St. Louis County, UMSL awarded $2.25M to reduce jail population, address racial disparity, among other focuses
Keeping people out of jail and directing them into services is the goal of a $2.25 million grant the John D. and Catherine T. MacArthur Foundation awarded today to St. Louis County and the University of Missouri–St. Louis. They aim to reduce the St. Louis County jail population by 15 to 19 percent over two years.
St. Louis County and UMSL are one of 11 sites nationally to receive the award as part of the MacArthur Foundation’s Safety and Justice Challenge, a national initiative to reduce over-incarceration and help jurisdictions create fairer, more effective local justice systems.
“The way we misuse and over-use jails in this country takes an enormous toll on our social fabric and undermines the credibility of government action, with particularly dire consequences for communities of color,” said Julia Stasch, president of the MacArthur Foundation. “The thoughtful plans and demonstrable political will give us confidence that these jurisdictions will show that change is possible in even the most intractable justice-related challenges in cities, counties and states across the country.”
For St. Louis County, the money funds a pretrial release program that targets the disproportionate incarceration of minorities and members of low-income communities, a large number of whom are jailed for non-violent crimes such as probation violations or failing to pay child support on multiple occasions. The pretrial release program incorporates a careful, risk-based screening of possible participants and an accelerated hearing process.
Additional funded service programs seek to remedy the use of jails as warehouses for those with mental health conditions and help women transition out of jail and into the community.
“We’re excited to be the academic partner working with St. Louis County to offer positive, data-driven solutions to incarceration in our community,” said Beth Huebner, professor of criminology and criminal justice at UMSL and lead researcher on the grant. “The university brings a wealth of criminal justice and social welfare research and educational resources to this partnership, as well as a long history of working with diverse communities and governmental agencies on local issues.”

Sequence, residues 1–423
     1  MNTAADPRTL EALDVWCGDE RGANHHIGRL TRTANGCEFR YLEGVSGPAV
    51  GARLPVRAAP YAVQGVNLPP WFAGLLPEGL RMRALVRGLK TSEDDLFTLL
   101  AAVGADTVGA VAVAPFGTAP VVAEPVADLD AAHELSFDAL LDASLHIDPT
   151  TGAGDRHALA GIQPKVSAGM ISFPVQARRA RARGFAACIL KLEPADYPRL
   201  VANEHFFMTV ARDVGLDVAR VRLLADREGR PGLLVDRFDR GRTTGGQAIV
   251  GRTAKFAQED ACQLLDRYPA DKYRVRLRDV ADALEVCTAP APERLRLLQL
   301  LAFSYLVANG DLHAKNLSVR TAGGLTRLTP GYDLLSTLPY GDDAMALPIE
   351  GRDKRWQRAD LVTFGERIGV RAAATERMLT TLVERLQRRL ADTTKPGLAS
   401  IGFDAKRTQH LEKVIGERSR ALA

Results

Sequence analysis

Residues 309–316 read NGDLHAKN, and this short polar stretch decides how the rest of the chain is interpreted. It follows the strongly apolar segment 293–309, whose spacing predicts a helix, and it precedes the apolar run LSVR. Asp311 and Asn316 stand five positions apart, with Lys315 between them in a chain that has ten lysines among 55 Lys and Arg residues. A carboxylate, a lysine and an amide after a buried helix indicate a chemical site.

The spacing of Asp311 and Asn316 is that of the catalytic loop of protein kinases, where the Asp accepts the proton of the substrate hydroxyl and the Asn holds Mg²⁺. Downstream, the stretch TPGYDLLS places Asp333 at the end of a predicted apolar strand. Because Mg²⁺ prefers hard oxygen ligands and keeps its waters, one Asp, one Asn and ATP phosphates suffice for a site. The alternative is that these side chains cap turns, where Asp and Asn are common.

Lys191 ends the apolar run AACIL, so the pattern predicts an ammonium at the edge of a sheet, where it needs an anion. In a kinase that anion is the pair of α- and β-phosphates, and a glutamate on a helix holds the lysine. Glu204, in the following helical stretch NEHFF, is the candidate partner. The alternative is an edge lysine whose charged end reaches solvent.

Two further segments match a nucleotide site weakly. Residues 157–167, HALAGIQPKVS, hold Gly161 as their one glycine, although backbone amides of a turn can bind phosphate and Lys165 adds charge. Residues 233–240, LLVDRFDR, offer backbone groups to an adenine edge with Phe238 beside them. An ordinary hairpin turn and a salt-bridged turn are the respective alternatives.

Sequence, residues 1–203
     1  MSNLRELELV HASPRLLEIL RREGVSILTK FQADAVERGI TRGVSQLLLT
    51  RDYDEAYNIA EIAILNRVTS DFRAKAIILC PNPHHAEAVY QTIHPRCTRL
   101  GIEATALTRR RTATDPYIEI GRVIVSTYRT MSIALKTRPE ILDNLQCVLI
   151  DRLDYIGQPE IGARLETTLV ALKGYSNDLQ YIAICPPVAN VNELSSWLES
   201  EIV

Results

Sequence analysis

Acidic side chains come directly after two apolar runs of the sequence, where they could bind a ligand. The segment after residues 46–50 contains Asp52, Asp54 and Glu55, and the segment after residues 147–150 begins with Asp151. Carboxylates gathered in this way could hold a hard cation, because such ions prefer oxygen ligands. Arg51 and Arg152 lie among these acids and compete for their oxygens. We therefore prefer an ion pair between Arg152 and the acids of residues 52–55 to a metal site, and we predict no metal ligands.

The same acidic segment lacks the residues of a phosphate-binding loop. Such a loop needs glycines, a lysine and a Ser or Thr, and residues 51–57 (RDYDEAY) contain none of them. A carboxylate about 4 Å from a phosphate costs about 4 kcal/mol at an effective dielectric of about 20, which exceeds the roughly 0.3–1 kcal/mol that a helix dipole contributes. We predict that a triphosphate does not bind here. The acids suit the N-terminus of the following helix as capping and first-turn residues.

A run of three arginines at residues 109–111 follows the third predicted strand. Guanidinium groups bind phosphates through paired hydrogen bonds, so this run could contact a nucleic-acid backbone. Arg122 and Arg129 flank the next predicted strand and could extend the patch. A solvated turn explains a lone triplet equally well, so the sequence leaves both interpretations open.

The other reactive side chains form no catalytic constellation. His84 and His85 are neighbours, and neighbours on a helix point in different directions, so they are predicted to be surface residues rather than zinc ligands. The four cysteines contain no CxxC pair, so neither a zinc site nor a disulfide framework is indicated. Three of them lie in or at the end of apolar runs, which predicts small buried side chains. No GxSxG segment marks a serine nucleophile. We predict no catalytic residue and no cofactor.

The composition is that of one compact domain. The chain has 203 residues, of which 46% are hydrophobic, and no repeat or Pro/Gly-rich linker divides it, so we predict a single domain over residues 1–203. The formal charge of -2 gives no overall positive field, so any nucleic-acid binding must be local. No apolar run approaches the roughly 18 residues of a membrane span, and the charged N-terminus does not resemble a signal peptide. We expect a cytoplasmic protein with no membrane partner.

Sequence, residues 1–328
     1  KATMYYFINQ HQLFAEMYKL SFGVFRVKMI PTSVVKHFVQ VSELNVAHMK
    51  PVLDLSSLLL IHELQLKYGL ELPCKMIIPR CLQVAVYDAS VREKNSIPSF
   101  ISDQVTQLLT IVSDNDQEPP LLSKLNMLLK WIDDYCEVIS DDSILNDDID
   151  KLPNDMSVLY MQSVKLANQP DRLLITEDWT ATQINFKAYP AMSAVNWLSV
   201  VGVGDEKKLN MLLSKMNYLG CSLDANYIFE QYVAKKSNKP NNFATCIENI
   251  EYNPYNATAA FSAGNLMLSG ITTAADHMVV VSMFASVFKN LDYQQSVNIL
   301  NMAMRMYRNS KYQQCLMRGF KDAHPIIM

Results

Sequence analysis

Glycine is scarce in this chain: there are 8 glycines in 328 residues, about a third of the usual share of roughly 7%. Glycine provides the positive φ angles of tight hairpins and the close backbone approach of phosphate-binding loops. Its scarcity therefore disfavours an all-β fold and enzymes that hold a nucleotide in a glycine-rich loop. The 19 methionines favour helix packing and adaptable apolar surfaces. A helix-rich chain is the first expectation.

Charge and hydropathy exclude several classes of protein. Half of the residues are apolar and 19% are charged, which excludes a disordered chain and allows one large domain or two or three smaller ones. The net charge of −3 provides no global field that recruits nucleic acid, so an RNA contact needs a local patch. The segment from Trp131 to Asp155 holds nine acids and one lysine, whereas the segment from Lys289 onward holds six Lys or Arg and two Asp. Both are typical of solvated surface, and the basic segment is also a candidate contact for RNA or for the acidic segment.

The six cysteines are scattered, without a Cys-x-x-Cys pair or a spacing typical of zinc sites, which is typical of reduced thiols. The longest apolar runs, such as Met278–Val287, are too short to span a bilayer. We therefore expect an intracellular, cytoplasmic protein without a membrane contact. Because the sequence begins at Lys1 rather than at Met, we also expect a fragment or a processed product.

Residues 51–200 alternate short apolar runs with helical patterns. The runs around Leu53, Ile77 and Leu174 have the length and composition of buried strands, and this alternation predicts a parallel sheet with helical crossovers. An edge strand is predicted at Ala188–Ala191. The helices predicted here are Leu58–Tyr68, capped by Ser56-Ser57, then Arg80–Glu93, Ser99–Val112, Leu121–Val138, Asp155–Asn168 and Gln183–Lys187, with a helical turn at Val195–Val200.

UMSL will help design and implement best practice models for justice reform with St. Louis County and conduct the problem analysis and evaluation portions of the program.
It will also serve as the fiscal agent for the grant and bring together local criminal justice agencies, community service providers and local citizens to develop and implement best practices stemming from the grant.
Criminology and criminal justice graduate students will help with surveying, data collection, preparation of reports and statistical analysis, as well as work directly with and alongside community partners.
Huebner and Herb Bernsen, the County Director of Justice Services, have already seen the difference service programs can make for the community. The pilot child support program alone had 82 percent of its participants successfully completing the program and paying child support, resulting in $75,000 in annual savings for the county. The pilot pretrial program produced an annual cost savings of nearly $275,000.
“These facts point to a sustainable model that can hopefully be adopted across the nation,” Huebner said.
Community partners include:
Better Family Life
Center for Women in Transition
Missouri Probation and Parole
National Association of Mental Illness
Office of State Court Administrator
Patrick Brayer, Public Defender
Queen of Peace Center
St. Louis County Police – Mental Health Crisis Intervention Team
About the MacArthur Foundation
The John D. and Catherine T. MacArthur Foundation supports creative people, effective institutions, and influential networks building a more just, verdant, and peaceful world. MacArthur is placing a few big bets that truly significant progress is possible on some of the world’s most pressing social challenges.
More information about the Safety and Justice Challenge is available at www.safetyandjusticechallenge.org.
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